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Actor diversity and interactions in the development of banana hybrid varieties in Uganda: implications for technology uptake
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Purpose: We examine the nature of networks through which new hybrid banana varieties (HBVs) in Uganda are developed, and how different actors engage in the technology development process. Design/methodology/approach: We collected the data through 20 key informant interviews and 5 focus group discussions with actors involved in the process. We analysed the data with NVivo and Social Network Analysis software. Findings: The process of developing HBVs involves many actors with a diversity of roles and interests. The network density was 29.4, implying existence of only 29.4% of the possible direct linkages. Strong ties mainly existed among research-oriented actors, with other actors in the periphery. Practical implications: The current position of smallholder farmers and other non-research actors inhibits their influence on decisions in the technology development process. We recommend that smallholder farmers should be empowered through better organization so that they can influence the process of developing HBVs. Researchers, supported with appropriate policies, should engage more with actors in the intermediary, enterprise and support service domains for a more vibrant agricultural research system. Theoretical implications: Application of the systems approach to technology development requires a dynamic process that supports involvement of a diverse range of actors. However, close attention to context is important in dealing with issues of power asymmetries and determining to what extent various actors engage in the process. Originality/value: This work contributes to literature on systems approaches to agricultural and rural development. The paper demonstrates that actor diversity and interactions are critical in technology development and uptake.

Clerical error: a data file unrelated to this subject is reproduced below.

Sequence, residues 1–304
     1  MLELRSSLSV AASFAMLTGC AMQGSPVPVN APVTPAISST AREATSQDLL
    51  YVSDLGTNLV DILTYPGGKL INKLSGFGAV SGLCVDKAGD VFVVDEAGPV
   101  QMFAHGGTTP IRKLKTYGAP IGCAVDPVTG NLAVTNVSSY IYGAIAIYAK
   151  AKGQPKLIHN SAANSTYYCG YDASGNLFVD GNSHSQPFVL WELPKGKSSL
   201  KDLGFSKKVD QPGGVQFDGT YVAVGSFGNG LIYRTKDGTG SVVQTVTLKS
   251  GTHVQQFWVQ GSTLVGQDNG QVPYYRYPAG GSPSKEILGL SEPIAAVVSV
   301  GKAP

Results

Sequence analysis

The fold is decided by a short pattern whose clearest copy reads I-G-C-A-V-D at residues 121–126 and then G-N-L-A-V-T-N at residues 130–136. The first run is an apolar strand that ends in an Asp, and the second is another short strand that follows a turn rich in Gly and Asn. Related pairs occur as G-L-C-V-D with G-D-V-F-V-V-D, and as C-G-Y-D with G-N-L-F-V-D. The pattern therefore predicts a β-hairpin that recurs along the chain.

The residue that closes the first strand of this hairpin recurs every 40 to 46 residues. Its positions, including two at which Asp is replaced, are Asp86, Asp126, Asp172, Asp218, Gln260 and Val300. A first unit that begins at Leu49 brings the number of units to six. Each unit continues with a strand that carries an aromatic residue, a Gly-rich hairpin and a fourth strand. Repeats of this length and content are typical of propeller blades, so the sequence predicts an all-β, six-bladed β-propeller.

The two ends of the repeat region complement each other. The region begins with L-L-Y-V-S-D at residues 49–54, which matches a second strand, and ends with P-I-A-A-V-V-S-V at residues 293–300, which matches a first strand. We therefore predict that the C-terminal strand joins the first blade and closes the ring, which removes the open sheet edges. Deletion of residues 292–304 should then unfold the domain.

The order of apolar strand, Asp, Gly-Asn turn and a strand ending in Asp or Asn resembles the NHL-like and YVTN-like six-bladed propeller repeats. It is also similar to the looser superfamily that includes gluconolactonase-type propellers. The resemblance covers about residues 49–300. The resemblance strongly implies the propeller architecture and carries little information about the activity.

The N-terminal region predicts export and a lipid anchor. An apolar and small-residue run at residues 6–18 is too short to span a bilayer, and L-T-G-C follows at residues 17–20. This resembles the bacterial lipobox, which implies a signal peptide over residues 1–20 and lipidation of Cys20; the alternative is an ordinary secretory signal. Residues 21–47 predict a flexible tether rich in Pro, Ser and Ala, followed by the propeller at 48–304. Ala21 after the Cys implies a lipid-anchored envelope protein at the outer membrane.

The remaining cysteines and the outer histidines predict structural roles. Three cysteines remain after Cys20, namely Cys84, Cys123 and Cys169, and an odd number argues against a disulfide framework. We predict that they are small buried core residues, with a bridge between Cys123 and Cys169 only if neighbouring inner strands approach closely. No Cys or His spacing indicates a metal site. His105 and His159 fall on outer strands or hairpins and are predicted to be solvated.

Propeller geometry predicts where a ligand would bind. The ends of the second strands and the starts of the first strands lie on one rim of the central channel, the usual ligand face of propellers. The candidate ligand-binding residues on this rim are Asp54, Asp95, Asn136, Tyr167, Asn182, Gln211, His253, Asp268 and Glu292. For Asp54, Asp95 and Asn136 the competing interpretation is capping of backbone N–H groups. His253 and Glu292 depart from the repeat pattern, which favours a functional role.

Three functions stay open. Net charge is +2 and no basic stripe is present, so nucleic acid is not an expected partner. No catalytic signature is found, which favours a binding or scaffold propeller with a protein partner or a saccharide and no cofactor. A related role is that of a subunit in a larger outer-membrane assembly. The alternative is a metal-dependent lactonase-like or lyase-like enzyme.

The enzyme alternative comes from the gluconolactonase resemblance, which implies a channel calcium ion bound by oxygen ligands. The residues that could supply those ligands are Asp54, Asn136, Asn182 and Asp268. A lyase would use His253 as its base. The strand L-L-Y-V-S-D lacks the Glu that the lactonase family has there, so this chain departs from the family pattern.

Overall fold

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Permanent link to this itemhttps://hdl.handle.net/20.500.12478/7602
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